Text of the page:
Review From User :
I adored this book. It may not be as polished as many of his later works, and some of the characters not half as developed, but it's a nice little novella to read on a warm, sunny afternoon, and there are some moments within it that are simply magical, written so beautifully that the hairs on the back of my neck stood up.
Although some may argue that there are not nearly enough of these moments to make reading the book worthwhile, I would argue that its rough and ready nature is what makes it so alluring.
Grady McNeil is something a bit different by way of a heroine, and she seems to have very little knowledge of what she wants and what she needs, but she is enticing enough for the reader to be completely absorbed in her world.
The ending is confusing, and not quite in keeping with the rest of the novel, but maybe this could be because Mr. Capote had no idea where to take it, and so he just allowed it to reach a rather literal dead end.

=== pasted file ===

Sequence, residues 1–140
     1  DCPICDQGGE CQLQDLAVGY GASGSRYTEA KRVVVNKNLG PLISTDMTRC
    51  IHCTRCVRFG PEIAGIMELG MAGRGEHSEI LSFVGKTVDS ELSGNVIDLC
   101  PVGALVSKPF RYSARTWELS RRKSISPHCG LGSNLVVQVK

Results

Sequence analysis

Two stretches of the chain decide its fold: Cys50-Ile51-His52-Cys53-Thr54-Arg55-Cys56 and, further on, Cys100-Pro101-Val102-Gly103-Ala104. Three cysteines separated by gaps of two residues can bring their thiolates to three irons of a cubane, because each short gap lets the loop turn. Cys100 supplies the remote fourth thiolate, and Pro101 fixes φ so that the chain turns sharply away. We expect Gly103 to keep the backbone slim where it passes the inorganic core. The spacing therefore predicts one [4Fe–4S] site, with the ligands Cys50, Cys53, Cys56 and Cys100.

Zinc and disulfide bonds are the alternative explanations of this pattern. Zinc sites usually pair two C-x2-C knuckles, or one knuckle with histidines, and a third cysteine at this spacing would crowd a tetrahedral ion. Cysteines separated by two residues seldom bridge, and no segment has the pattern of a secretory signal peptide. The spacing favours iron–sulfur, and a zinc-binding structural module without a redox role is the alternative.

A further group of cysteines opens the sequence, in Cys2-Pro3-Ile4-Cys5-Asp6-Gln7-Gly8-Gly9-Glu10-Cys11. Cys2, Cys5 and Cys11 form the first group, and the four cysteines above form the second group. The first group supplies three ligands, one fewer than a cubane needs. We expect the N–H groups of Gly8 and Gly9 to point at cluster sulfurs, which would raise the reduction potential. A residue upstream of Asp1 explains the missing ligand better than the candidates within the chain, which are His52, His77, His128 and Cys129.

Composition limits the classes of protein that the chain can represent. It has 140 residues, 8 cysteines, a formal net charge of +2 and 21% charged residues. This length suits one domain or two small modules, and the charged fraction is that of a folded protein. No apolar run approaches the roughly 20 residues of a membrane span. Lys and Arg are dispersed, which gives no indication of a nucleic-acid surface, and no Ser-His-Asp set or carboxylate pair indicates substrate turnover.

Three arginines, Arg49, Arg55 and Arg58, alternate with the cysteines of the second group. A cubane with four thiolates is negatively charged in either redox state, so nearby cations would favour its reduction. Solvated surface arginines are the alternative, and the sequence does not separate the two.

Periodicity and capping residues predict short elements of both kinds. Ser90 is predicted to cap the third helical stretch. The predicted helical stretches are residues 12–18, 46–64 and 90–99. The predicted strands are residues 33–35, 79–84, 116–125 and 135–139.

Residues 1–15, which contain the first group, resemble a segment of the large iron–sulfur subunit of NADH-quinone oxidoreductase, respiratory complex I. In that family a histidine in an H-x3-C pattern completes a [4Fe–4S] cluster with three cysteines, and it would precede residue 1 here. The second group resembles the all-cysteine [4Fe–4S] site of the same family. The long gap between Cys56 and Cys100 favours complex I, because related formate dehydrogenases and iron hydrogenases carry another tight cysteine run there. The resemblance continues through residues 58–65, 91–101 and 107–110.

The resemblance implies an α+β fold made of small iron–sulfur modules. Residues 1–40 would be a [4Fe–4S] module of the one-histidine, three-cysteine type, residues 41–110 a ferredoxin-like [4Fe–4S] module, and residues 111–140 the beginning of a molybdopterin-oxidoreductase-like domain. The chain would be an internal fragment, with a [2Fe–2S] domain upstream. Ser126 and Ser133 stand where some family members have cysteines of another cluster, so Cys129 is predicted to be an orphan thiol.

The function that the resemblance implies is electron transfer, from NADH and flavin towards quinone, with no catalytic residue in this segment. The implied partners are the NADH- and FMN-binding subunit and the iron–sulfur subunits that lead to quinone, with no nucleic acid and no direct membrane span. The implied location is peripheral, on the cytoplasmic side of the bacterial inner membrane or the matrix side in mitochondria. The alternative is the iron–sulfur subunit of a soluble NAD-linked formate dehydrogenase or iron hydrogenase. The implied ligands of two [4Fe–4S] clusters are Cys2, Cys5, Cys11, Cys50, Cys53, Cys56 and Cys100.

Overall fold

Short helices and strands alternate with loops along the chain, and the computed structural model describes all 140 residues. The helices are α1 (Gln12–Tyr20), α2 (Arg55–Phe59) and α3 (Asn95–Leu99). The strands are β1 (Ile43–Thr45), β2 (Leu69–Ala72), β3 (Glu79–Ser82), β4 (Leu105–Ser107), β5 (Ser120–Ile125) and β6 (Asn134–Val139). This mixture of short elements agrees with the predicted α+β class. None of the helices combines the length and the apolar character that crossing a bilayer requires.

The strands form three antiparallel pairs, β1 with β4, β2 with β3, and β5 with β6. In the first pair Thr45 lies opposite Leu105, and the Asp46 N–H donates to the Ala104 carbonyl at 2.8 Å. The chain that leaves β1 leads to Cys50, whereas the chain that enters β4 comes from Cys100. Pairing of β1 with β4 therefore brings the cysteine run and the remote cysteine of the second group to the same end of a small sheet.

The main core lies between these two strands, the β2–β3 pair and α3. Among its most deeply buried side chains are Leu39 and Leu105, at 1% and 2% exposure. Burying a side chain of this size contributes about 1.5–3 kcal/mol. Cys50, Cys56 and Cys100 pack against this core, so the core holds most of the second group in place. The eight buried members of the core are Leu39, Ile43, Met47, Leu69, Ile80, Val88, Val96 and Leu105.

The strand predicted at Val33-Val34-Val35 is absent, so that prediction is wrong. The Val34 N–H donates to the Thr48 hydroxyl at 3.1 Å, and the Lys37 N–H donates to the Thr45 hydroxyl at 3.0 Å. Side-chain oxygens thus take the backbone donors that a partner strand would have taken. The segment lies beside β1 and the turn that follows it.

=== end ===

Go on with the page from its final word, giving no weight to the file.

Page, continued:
We will never know, but although hardly his best work, there's something abit magical in every page of this book.
Thought to be lost for over 50 years, here is the first novel by one of the greatest American writers of the 20th century.
Set in New York during the summer of 1945, this is the story of a young carefree socialite, Grady, who must make serious decisions about the romance she is dangerously pursuing and the effect it will have on everyone involved.
Fans of Breakfast at Tiffany’s and Capote’s short stories will be thrilled to read Summer Crossing.